* Square aiming at $4 bln valuation, up from $1 bln
* Is Facebook IPO a turning point for other tech IPOs?
By Sarah McBride
SAN FRANCISCO, May 29 As Silicon Valley
scrambles to assess the impact of the Facebook IPO
mess, all eyes are on Square.
The much-heralded, next-generation payments company had been
aiming to raise its next round of venture capital funds at a
valuation of as much as $4 billion - up from $1 billion just a
year ago. That is the sort of acceleration in valuation that
happened with Facebook prior to its public market debut.
But with Facebook worth $30 billion less than it was just
two weeks ago, industry insiders say that concerns about
overexuberance around social media and other Internet companies
-- which began to emerge late last year -- have mounted.
"There's a chill settling in over the market," said one
late-stage venture capitalist. "Going back to reality is
helpful," he added.
The ability of Square, and a handful of other hot Internet
start-ups, including Asana, Just Fabulous and Ideeli, to raise
money at super-premium valuations is now shaping up as a test of
whether Facebook's IPO marks a turning point in the latest tech
Facebook's IPO was a success by one key metric - raising the
maximum possible amount of cash in public markets for the
company and early investors - but it was a massive failure for
later-stage investors and people who bought Facebook shares at
the IPO price of $38.
A number of high-profile start-ups had the luck or foresight
to raise money from venture capitalists just ahead of the
Facebook IPO. Question-and-answer service Quora, founded by
Facebook alumni, raised $50 million recently at a reported $400
million valuation, even though it has no revenue. Online
bulletin board Pinterest raised $100 million at a $1.5 billion
But those who did not get their deals done before the
Facebook offering could be in a tricky spot.
Workplace-collaboration network Asana has been talking to
venture capitalists about a new round of funding in the $20
million to $30 million range, two sources said. The new round
would value the company at around $250 million. Online retailers
JustFabulous and Ideeli are both seeking to raise $30 million
to$50 million at a $300 million to $500 million valuation,
according to another source who had talked to those companies
before the Facebook IPO.
The most visible of all is Square, a company run by Twitter
co-founder and Silicon Valley darling Jack Dorsey. Square aims
to reinvent the payment function with mobile devices and
sophisticated software and identity technologies.
Square announced a $100 million investment led by Kleiner
Perkins Caufield & Byers last June, valuing the company at $1
billion. Other backers include Sequoia Capital, Tiger Global
Management, and Visa. Venture capitalists say it is
seeking a $4 billion valuation for its next round. A Square
spokesman declined to comment.
Venture capitalists generally try to invest in companies
they think will be worth at least three to five times more than
their initial investment by the time the companies get acquired
or go public.
That means Square, to justify a $4 billion valuation, would
have to be worth at least $12 billion in a few years - a tall
order for a company operating in a business with slim margins,
deep-pocketed and established players, and lots of fraud.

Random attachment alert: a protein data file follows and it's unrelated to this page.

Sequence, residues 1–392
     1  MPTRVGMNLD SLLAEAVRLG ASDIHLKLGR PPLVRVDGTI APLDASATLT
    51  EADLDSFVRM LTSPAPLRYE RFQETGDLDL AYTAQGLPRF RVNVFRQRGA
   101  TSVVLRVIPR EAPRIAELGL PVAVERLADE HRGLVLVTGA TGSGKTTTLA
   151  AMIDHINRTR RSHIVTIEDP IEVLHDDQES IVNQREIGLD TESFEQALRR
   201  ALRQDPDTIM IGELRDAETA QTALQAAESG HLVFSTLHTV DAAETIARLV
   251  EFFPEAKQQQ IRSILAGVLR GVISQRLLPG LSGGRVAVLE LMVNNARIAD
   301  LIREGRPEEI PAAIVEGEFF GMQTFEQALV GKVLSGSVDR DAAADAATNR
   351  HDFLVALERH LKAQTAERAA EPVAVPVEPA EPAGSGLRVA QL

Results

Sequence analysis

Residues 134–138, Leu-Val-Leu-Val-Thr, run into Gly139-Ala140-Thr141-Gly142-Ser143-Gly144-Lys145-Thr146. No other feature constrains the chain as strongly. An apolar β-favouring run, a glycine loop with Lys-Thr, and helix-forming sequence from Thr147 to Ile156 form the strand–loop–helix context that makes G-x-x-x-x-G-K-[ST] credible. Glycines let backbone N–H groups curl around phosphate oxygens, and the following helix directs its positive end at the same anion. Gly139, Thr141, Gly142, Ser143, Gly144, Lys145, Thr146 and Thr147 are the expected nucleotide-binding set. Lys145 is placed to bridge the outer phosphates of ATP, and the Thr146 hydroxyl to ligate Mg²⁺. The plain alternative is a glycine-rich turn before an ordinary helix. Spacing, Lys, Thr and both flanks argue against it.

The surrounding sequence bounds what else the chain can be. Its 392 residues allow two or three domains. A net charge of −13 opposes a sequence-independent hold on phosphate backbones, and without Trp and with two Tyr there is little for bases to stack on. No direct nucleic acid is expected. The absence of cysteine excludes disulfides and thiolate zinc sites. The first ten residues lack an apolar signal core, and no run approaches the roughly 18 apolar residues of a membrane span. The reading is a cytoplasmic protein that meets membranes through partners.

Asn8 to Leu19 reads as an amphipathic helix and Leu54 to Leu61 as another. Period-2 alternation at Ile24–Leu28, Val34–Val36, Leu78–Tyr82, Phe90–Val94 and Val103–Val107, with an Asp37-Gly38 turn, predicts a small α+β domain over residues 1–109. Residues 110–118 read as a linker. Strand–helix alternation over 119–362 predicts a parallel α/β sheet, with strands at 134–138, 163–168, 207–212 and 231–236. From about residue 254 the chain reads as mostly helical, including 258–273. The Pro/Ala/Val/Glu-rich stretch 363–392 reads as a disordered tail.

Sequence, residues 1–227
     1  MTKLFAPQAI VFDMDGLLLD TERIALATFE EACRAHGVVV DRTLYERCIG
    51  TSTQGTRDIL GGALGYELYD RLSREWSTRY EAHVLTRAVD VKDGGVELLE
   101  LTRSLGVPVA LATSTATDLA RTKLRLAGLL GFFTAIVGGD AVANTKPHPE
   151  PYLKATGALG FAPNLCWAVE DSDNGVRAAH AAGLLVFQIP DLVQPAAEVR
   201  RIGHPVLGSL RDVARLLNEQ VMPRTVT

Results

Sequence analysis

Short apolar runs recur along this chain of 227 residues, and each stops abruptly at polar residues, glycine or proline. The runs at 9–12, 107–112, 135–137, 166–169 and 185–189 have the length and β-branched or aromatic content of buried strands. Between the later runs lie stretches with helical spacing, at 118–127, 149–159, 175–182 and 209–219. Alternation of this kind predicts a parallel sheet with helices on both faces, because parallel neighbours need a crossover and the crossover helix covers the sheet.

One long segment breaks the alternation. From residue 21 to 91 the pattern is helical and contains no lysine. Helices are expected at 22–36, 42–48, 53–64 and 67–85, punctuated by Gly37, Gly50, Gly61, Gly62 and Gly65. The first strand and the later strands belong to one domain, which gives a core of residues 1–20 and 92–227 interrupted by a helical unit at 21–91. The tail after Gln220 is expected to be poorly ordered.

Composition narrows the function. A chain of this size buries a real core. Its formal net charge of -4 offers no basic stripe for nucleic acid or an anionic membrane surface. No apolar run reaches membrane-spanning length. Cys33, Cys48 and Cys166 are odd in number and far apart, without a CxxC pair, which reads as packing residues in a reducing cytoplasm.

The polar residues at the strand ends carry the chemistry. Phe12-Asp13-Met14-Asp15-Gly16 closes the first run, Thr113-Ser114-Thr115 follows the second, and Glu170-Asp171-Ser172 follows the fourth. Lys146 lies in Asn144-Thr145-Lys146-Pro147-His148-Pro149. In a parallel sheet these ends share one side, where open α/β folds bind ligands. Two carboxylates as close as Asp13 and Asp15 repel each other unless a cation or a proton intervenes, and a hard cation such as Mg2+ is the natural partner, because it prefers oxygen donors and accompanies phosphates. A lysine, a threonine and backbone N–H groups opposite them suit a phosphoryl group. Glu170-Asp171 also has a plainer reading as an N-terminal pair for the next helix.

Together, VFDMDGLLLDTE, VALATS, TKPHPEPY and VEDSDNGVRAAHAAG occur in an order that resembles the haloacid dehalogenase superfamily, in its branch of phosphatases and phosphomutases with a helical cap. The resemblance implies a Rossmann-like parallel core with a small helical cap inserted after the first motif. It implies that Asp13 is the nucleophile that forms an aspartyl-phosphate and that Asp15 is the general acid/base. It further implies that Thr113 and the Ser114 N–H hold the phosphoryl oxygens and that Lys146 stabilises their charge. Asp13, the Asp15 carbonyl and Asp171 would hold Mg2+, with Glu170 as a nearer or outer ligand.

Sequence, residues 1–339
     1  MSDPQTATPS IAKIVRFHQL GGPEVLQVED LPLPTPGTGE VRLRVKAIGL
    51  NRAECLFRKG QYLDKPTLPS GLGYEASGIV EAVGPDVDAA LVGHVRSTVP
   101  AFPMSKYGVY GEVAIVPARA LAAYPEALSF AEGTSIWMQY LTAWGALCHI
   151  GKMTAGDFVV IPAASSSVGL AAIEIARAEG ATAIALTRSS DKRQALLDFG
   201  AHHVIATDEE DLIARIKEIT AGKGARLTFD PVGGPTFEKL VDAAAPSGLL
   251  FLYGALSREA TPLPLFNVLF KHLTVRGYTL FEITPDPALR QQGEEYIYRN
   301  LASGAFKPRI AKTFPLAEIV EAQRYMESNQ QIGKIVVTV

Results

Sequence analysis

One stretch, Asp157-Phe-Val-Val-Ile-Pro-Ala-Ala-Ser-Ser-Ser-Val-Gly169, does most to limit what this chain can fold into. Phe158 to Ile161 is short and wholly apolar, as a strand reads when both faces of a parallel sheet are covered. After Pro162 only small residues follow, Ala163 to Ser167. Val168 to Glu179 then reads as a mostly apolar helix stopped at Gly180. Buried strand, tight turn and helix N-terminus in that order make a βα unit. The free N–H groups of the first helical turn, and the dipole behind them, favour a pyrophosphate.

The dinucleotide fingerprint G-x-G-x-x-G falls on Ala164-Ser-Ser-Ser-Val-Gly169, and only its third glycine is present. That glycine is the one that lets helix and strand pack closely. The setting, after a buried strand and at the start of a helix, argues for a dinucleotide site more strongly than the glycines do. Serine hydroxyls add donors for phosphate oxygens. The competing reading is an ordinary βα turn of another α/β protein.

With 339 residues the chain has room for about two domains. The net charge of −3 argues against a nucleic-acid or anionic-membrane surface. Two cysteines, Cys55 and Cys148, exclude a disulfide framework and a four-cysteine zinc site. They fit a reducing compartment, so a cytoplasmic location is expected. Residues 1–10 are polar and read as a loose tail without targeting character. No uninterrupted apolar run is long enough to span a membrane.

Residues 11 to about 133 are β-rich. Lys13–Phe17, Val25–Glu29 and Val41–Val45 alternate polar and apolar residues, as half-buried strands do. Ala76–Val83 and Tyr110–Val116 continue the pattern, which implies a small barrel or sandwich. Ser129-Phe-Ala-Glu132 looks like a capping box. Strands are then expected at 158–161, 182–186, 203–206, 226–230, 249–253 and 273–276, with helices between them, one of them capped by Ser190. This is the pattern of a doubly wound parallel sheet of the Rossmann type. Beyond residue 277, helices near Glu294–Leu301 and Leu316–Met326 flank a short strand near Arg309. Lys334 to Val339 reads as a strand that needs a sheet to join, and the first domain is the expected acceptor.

Square's fans counter that it is growing quickly and has a
unique opportunity to leverage social-media platforms and upend
entrenched businesses that are short on innovation.
Asana might have an easier story to sell. It is run by
Facebook co-founder Dustin Moskovitz, and the steady monthly
revenue it gets from its best customers - a premium service
launched in April - could make it popular with investors looking
for reliability as well as growth.
Still, the advantage Asana was perceived to enjoy due to
enthusiasm around social networks in general and Facebook in
particular could now look more like a liability. A spokesman for
Asana declined to comment on financing.
JustFabulous and Ideeli may have a tougher time, some
venture capitalists say. JustFabulous co-Chief Executive Adam
Goldenberg said the company does not comment on financing. A
spokeswoman for Ideeli declined to comment.
Most e-commerce companies eventually are acquired at about
one to 1.5 times revenue, but in the early stages they ask for
valuations of five or 10 times revenue, venture capitalists say.
That means a company would have to increase revenue by a factor
of 15 for a venture capitalist to make three times its return.
Very high valuations can also create another problem in that
they limit the pool of potential acquirers. At a 10-figure
valuation, companies including Apple, Facebook, Google
or Microsoft are almost the only possible
buyers - an especially important issue if the IPO market as a
whole goes dormant for a time.
Asana last raised funds in 2009, when Andreessen Horowitz
and Benchmark Capital committed $10 million. JustFab raised $33
million last year, and Ideeli has raised a total of $70 million,
including $41 million last year.
"I think the valuations in the private market are high,"
said Mary Meeker, a former star Internet analyst and now a
partner at venture capital firm Kleiner Perkins Caufield &
Speaking at the "D" conference in Southern California, where
many Internet industry leaders gathered this week, she added:
"We run a billion-dollar digital growth fund at Kleiner Perkins,
and we didn't invest a penny in the March quarter ... We just
were having trouble getting comfortable."
Still, not everyone in Silicon Valley thinks private-company
valuations are going to take a big hit.
"When you look a year from now, two years from now, I'm not
sure you're going to say prices came down at high-quality
companies," said Sergio Monsalve, an investor at Norwest.
For venture capitalists, "growth is such a huge factor,"
said Golden Gate Ventures' Glenn Solomon. "And there's still a
ton of growth out there."